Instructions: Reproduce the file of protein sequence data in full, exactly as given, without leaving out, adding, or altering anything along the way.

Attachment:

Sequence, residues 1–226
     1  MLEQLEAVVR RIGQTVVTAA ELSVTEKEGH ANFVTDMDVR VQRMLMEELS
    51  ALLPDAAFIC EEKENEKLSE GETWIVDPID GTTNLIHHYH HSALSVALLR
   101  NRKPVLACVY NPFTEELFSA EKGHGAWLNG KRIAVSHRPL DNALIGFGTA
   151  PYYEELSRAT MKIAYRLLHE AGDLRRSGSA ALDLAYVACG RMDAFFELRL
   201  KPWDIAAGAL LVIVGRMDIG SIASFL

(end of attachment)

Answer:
Sequence, residues 1–226
     1  MLEQLEAVVR RIGQTVVTAA ELSVTEKEGH ANFVTDMDVR VQRMLMEELS
    51  ALLPDAAFIC EEKENEKLSE GETWIVDPID GTTNLIHHYH HSALSVALLR
   101  NRKPVLACVY NPFTEELFSA EKGHGAWLNG KRIAVSHRPL DNALIGFGTA
   151  PYYEELSRAT MKIAYRLLHE AGDLRRSGSA ALDLAYVACG RMDAFFELRL
   201  KPWDIAAGAL LVIVGRMDIG SIASFL